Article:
The Music Of Metropolis: Hail To These Heroic Hits

Goin' krypton and on.

Goin’ krypton and on.

He’s the superhero that’s been around since 1938 and he hasn’t aged a bit. He’s Clark Kent, reporter for the Daily Planet, but better known as the great Superman. With hundreds of comic books displaying his name and several television series and dozens of movies based off of his adventures, he’s one of the most well-known characters today. In addition to all of those media outlets, Superman has been the subject of at least fourteen song titles to make the Billboard Hot 100 since 1958, with a fifteenth on the way in the form of “Waiting For Superman”, the new single by Daughtry. It’s currently a top 20 digital hit and will likely go top 40 nationally. So, which of these heroic hits is the mightiest of them all? Here they are, both the top 40 singles and the more minor Hot 100 entries:

“Sunshine Superman”, Donovan (#1, 1966)
This piece of psychadelic pop was Donovan‘s only #1 single on the Billboard Hot 100, spending a week there in September 1966. It also reached the top 5 in a number of other countries, including Australia, Canada and the United Kingdom. If you were a fan of pop music in the 90’s, you may remember the song “Legend Of A Cowgirl” by Imani Coppola, a minor top 40 hit in 1997 which sampled “Sunshine”.

“Black Superman – Muhammad Ali”, Johnny Wakelin & The Kinshasa Band (#21, 1975)
English musician Wakelin wrote this as an homage to the boxing champion after seeing the famous Rumble In The Jungle fight in 1974, which pit Ali against George Foreman, with Ali winning. It hit the top ten in his native United Kingdom and just missed the top 20 on the Hot 100 that fall. A followup single about the boxer, “In Zaire”, was also a hit in the U.K., going top 5, but it did not enter Billboard’s charts.

“Superman”, Herbie Mann (#26, 1979)
After over a decade of top 40 misses, flutist Mann finally made the top 40 in 1975 with “Hijack”, which went to #14. As the disco era danced away with the charts, Mann was able to tack on a second entry with this song, originally performed by Celi Bee and the Buzzy Bunch (see below). What originally didn’t make the top 40 its first time out did it for Mann, breaking into the top 30. It was his last hit.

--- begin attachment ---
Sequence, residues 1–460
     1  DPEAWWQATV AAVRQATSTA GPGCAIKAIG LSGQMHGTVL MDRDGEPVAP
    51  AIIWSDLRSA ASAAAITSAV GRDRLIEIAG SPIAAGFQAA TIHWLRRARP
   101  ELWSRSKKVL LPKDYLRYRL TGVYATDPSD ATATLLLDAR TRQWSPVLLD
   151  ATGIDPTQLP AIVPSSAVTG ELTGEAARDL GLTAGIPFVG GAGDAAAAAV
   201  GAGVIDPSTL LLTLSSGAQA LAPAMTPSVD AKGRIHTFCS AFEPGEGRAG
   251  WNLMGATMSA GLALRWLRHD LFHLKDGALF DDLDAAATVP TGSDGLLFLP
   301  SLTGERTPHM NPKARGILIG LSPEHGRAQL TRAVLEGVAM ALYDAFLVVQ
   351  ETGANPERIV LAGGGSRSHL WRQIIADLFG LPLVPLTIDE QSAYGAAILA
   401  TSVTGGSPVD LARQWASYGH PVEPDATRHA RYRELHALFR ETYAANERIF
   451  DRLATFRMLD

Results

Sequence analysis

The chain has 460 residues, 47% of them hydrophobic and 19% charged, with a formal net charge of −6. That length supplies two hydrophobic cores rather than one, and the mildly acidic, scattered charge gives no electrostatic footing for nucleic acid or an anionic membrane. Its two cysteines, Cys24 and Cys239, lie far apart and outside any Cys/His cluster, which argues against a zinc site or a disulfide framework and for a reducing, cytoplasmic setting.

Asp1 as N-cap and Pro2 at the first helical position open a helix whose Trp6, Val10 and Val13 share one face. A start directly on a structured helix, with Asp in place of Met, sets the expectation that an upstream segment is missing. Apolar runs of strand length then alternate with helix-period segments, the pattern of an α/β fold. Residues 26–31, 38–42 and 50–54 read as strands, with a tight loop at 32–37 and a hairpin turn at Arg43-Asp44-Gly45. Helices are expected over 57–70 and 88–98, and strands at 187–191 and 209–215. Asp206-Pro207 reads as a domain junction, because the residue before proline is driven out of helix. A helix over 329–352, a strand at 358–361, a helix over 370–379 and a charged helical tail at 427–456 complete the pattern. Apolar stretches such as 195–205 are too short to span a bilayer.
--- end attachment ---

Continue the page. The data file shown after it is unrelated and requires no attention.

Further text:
“Superman (It’s Not Easy)”, Five For Fighting (#14, 2001)
After releasing an album in 1997 that went under the radar on EMI, it was singer John Ondrasik’s second album, America Town, that got him noticed in a big way. In the fall of 2001, this song became one of the anthems heard in the aftermath of the 9/11 attacks, and its consistent radio play launched it into the top 15 on the Hot 100. A sixth Five For Fighting album, Bookmarks, came out this past Tuesday.

“Superman”, Eminem (#15, 2003)
After the huge success of 8 Mile‘s “Lose Yourself”, which spent 12 weeks at #1, this single came directly afterwards and was automatically going to be lost in the shadows of that big hit. From his 2002 album The Eminem Show, it ended up missing the top ten after peaking out very early in its run. However, it did go to #10 on the CHR airplay chart. The female vocals on this song are performed by Dina Rae.

“Superman”, Taylor Swift (#26, 2010)
In an era full of digital downloads, we were inevitably going to find an album track on this list that was never released as a single. Such is this case with this entry from Swift from her hit 2010 album, Speak Now. It peaked the week that the album arrived, then quickly descended the survey and fell off after a few weeks. It was the seventh-highest ranking song, regardless of single status, to chart from the release.

Other caped crusaders to hit the top 100:
“Superman”, Dino, Desi and Billy (#94, 1966)
“Superman”, The Ides of March (#64, 1970)
“Superman”, Donna Fargo (#41, 1973)
“Superman”, Celi Bee and the Buzzy Bunch (#41, 1977)
“(Wish I Could Fly Like) Superman”, The Kinks (#41, 1979)
“I’m Your Superman”, All Sports Band (#93, 1981)
“Superman’s Song”, Crash Test Dummies (#56, 1991)
“Superman’s Dead”, Our Lady Peace (#74, 1997)

All of these acts, save for Bee and her group, had bigger singles rank on the Hot 100. Both of the 90’s entries were bigger hits on Canada, where the two groups formed.

For more on the songs that fly faster than a speeding (chart) bullet, follow the blog below or click the “Get Social!” tab to find PGTC on social media.

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